Literary festivals are coming up to cater to every angle of the complex world of literature. Bookaroo, the children’s lit fest, is going strong with editions all over the country. As a speaker in Bookaroo in Delhi a few years ago, I saw how the playful open-air atmosphere drew excited kids to books. Another theme-based festival, Comic Con, focuses on comic books and graphic novels. Poetry festivals attract many enthusiasts.

Do we need more litfests? Yes, says author and publisher Zafar Anjum, who launched the Seemanchal International Literary Festival recently. Set in Kishanganj, in the picturesque foothills of the eastern Himalayas, this lit fest drew attention to a beautiful but neglected region of India. Anjum’s literary venture Kitaab focuses on building a platform for Asian writing in English. In keeping with this spirit, speakers came from countries such as the US, UK, Singapore and elsewhere. Among other attractions, the India release of noted Singapore author Isa Kamari’s latest book, Tweet, also happened here.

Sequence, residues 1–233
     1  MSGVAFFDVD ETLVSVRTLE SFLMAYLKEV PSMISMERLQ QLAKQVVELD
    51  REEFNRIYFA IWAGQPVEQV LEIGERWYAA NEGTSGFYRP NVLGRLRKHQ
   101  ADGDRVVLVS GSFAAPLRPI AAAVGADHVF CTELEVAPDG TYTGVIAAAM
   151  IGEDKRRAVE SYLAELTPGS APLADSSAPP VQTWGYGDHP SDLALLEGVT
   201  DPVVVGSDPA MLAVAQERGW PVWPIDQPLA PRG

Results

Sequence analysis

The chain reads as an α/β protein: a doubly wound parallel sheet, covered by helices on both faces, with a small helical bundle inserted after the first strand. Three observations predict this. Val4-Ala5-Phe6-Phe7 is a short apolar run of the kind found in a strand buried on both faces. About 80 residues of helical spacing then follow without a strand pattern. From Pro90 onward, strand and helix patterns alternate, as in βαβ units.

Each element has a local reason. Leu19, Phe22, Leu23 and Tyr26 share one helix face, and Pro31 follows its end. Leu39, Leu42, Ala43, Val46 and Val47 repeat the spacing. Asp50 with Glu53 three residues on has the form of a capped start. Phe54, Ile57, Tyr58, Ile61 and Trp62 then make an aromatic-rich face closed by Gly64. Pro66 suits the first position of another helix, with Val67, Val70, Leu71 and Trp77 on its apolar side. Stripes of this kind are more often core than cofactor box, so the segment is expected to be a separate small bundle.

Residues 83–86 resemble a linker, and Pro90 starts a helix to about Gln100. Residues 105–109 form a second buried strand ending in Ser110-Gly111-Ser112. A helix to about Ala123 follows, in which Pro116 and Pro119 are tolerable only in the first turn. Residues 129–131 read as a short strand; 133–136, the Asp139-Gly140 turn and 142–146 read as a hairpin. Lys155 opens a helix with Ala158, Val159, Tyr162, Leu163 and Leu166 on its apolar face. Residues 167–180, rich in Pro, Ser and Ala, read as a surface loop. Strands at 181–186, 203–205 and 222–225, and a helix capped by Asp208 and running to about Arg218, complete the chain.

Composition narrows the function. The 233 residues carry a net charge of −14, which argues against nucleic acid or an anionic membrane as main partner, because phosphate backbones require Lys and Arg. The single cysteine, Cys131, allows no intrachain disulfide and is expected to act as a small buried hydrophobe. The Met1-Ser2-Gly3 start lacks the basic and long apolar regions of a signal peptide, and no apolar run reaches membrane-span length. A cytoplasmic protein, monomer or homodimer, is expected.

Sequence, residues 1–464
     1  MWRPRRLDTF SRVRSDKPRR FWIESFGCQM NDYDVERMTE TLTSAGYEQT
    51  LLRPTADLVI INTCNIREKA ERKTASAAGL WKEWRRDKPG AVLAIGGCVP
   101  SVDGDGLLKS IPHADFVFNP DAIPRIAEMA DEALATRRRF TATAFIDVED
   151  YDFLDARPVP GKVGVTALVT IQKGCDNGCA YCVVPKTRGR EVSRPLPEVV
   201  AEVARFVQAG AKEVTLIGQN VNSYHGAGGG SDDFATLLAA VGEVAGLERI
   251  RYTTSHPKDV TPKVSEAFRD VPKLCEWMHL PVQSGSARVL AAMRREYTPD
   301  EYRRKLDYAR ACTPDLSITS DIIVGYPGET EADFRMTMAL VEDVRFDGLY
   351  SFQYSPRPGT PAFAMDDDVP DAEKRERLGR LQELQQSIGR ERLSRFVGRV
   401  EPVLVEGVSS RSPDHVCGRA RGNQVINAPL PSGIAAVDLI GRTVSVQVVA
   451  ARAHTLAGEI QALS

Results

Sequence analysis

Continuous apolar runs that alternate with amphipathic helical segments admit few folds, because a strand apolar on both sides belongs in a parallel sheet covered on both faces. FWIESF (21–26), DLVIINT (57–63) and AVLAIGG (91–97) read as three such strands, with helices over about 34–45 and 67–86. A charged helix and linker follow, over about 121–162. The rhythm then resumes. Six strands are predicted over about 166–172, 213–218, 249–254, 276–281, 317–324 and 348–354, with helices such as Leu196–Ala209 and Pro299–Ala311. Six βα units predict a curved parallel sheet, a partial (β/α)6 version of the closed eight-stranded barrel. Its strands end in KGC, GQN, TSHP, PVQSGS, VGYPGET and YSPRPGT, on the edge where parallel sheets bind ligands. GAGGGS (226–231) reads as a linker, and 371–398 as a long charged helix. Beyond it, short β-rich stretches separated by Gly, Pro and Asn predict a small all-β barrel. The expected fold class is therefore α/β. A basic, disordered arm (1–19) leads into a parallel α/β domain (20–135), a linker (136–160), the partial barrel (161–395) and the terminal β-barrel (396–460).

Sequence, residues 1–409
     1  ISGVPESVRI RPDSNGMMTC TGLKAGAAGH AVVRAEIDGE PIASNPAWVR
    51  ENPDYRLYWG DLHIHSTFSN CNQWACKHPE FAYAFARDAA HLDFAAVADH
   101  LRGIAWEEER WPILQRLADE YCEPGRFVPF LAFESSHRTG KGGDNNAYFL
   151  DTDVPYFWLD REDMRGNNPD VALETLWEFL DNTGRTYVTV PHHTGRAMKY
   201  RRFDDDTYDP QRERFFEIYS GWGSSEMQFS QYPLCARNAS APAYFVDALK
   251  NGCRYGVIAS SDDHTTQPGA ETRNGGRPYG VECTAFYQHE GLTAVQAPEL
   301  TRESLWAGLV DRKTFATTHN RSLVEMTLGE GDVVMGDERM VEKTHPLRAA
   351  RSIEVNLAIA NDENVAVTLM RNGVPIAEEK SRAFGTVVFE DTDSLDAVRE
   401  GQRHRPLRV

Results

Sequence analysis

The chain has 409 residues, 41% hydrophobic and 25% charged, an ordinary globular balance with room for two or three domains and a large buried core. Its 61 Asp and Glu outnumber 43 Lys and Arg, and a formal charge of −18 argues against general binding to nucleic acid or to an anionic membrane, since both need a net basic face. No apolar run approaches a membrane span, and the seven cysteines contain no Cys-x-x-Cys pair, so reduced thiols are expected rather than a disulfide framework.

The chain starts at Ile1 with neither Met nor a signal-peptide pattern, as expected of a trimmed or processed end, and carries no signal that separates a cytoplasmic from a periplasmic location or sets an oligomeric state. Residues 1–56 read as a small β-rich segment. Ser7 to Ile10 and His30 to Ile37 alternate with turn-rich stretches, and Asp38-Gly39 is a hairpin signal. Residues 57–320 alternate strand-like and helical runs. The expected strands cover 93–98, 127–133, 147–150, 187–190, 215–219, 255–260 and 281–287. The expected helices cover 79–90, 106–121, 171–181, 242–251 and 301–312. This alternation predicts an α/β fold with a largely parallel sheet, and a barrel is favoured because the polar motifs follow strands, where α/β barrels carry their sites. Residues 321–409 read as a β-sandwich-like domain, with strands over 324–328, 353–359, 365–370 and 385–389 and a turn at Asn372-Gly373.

As ‘an author whom nobody has heard of’, I am all for litfests. Through them, an eccentric reader or two may have come to know of my books. Perhaps someone may actually buy, read, enjoy my books, and tell others. We live on hope. I have a soft corner for literary fiction, with its stress on the inner life and struggles of fictional characters, and style and artistic expression.

It was enlightening to learn of new work in other areas. I reconnected with old writer friends, and met some interesting new ones. I’m still ‘an author whom nobody has heard of’, and my books are languishing on Flipkart. But thanks to generous sponsors and hosts, I briefly emerged from under my bed, travelled to new places in comfort, and had literary adventures.